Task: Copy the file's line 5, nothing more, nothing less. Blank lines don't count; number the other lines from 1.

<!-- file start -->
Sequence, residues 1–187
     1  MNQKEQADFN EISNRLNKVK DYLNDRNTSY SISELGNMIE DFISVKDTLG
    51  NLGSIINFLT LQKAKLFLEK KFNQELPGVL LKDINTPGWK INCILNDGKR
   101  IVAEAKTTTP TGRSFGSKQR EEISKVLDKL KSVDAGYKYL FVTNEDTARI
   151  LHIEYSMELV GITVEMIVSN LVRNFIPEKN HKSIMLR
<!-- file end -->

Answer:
   151  LHIEYSMELV GITVEMIVSN LVRNFIPEKN HKSIMLR